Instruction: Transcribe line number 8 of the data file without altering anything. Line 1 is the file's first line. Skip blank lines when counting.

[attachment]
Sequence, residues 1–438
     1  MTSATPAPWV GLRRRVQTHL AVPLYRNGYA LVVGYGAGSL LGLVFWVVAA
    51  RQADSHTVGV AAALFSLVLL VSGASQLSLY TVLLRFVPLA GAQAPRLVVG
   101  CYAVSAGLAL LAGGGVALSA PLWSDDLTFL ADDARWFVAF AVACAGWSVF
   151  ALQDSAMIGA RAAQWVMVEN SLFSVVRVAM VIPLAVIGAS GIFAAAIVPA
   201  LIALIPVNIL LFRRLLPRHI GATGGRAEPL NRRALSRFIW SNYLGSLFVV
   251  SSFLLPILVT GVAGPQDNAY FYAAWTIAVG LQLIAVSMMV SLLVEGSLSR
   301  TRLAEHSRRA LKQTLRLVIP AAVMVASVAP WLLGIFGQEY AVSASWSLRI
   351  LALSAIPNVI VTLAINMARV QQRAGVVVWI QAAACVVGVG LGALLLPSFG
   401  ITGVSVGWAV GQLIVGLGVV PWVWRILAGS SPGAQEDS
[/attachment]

   301  TRLAEHSRRA LKQTLRLVIP AAVMVASVAP WLLGIFGQEY AVSASWSLRI